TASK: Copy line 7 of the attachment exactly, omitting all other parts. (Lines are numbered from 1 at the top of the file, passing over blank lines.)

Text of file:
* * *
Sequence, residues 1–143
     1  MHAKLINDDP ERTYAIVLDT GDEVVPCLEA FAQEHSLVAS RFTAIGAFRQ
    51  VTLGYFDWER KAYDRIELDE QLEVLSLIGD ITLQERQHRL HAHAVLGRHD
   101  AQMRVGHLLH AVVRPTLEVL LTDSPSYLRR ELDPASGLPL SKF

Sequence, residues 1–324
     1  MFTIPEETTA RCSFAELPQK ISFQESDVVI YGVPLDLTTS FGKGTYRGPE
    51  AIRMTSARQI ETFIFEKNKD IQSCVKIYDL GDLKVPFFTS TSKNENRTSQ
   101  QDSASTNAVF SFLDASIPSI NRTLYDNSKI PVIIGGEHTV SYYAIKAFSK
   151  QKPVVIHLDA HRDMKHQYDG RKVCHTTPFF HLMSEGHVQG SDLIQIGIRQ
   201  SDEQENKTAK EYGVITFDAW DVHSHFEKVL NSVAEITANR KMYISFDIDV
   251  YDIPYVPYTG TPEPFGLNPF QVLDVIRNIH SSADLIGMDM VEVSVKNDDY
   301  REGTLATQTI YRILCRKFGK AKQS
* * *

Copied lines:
    51  AIRMTSARQI ETFIFEKNKD IQSCVKIYDL GDLKVPFFTS TSKNENRTSQ